Thinking about replacing that leaded glass fan light above your door, but can’t quite afford a $16,000.00 Healy and Millet Sullivanesque stained glass window from the local architectural artifacts dealer? Before you run to Home Depot, pause, for there is hope.
We have a real problem with historic materials stock in the Midwest. We like to bulldoze, build higher and “better” on lots in areas with liberal zoning, and toss most of the crushed and mangled debris into landfills. It’s cheaper–even with landfill penalties–and it’s a heck of a lot faster, so why not?
Fortunately, the City of Chicago is requiring more and more construction and demolition debris be recycled. Contractors now have to keep track of how much waste was generated at project sites and meet the recycling goals set forth in a new ordinance. In 2006, the goal was to recycle 25% of the debris at a job site, in 2007, the goal was 50%. This number keeps going up, though much of the language of the ordinance is wishy-washy and seems to imply that contractors are encouraged to do these things, rather than harshly penalized for not doing them. Also, the ordinance only applies to new residential buildings with four or more units, new non-residential buildings that are more than 4,000 square feet, or buildings requiring a certificate of occupancy (for more on what requires a certificate of occupancy, see Chicago’s Streets and Sanitation Website: http://tiny.cc/OmBrh). Um, there are hundreds of thousands of single-family homes, two- and three-flats in this city. Why are they exempt?
And, of course, recycling crushed debris is different from deconstructing a building and using that material stock to restore existing buildings. Unless we have a large, local stock of historic architectural features like windows, doors, molding, etc, the cost to restore an historic building–well, it just doesn’t make economic sense. Preservation should not be elitist. It’s a total turn-off to many–potentially even those who can afford it–and only hurts the movement.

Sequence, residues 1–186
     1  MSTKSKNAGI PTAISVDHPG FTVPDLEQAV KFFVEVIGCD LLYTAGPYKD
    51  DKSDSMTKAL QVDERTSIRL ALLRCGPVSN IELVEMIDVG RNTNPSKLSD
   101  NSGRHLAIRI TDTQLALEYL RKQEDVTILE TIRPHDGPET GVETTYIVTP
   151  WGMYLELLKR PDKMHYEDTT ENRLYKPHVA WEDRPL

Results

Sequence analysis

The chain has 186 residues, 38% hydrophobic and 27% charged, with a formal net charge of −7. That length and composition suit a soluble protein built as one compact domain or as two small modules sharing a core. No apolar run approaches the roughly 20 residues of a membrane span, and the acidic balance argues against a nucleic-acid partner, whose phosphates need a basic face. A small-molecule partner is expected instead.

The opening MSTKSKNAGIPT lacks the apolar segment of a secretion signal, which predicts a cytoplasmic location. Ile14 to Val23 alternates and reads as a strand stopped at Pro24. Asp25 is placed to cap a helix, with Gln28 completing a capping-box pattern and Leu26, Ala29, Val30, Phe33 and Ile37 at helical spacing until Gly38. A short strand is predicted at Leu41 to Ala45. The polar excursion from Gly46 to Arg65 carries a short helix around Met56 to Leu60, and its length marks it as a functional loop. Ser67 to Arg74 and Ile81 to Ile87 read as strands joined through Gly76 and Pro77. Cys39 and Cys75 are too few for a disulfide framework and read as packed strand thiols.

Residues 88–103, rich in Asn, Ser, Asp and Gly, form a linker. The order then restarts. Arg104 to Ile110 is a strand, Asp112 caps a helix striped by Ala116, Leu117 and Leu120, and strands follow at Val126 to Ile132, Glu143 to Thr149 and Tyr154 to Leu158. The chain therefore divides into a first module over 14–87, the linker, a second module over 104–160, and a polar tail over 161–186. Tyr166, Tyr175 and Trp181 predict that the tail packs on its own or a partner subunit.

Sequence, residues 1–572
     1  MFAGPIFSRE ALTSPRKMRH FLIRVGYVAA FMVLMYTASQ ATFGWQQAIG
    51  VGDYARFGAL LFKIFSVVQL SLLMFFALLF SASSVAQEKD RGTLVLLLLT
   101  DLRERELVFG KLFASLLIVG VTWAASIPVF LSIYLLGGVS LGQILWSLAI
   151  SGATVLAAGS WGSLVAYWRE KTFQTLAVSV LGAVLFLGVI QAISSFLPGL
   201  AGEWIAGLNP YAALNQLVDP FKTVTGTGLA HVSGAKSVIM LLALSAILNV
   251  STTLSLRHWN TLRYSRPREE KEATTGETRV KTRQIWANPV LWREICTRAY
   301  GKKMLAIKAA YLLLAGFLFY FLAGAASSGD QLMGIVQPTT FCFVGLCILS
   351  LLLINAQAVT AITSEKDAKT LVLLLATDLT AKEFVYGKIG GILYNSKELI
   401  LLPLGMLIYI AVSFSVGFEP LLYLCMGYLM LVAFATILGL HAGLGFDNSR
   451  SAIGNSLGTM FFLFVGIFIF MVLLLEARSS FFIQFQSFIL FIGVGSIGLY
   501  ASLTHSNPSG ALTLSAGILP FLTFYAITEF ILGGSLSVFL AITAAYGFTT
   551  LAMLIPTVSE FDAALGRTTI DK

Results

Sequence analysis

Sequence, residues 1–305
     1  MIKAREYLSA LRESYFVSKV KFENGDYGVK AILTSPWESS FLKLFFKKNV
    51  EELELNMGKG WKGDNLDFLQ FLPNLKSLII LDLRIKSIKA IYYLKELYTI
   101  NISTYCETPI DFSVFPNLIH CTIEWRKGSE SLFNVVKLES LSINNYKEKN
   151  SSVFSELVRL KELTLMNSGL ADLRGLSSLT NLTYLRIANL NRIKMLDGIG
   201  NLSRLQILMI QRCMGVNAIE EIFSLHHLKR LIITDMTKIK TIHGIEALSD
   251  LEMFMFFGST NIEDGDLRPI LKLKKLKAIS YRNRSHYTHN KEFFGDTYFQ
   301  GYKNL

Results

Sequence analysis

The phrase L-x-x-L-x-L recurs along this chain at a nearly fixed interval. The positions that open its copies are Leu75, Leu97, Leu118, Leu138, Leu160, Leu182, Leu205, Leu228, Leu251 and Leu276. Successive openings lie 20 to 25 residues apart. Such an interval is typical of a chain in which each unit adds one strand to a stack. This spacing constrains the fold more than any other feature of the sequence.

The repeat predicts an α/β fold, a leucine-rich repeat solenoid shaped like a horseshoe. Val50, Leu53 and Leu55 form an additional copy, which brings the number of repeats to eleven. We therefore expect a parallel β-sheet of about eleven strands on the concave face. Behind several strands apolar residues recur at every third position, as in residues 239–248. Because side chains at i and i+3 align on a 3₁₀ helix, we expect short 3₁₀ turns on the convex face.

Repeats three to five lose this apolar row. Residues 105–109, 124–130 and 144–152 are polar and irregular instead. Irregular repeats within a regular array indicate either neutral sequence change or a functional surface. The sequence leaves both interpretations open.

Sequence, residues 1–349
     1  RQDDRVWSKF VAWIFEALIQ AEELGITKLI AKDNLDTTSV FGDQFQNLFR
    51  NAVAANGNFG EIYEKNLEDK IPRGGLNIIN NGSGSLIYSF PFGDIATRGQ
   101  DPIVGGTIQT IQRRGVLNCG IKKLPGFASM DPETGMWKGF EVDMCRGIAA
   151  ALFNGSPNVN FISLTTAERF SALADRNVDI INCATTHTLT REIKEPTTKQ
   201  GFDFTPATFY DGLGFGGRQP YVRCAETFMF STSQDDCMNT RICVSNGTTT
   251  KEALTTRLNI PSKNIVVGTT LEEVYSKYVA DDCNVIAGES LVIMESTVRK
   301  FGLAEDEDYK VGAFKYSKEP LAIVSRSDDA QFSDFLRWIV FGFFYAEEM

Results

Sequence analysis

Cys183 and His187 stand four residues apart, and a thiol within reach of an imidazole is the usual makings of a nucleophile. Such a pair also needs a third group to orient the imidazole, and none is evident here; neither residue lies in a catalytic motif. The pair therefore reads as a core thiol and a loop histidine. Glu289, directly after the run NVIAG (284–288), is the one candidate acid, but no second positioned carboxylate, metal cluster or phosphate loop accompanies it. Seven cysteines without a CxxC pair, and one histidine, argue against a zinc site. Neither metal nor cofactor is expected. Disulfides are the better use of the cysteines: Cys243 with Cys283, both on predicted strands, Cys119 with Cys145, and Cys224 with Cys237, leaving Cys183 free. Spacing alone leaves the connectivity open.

Fortunately, as of February, we finally have a warehouse to store these materials in Chicago at the ReBuilding Exchange, http://www.delta-institute.org/rebuildingexchange/about.php. This initiative will create affordable stock for homeowners, create jobs, and divert literally tons of waste from landfills. Other cities around the the U.S. have had such resources for years, and it has made a huge difference, not only environmentally, but by helping to maintain the historic character of these cities. Once that cornice is gone, it’s gone forever. Nobody is going to spend the money to replicate it.
Material stock warehouses are an absolutely crucial step to making preservation viable. Please donate your items, volunteer, and visit the warehouse to encourage these efforts further.
I mean, old growth lumber, claw foot tubs…what else do you want, people? Paul Hawken estimates in Natural Capitalism: Creating the Next Industrial Revolution, that “For every 100 pounds of product, we create 3,200 pounds of waste.” If you really want to be green, reuse what we already have whenever possible, folks.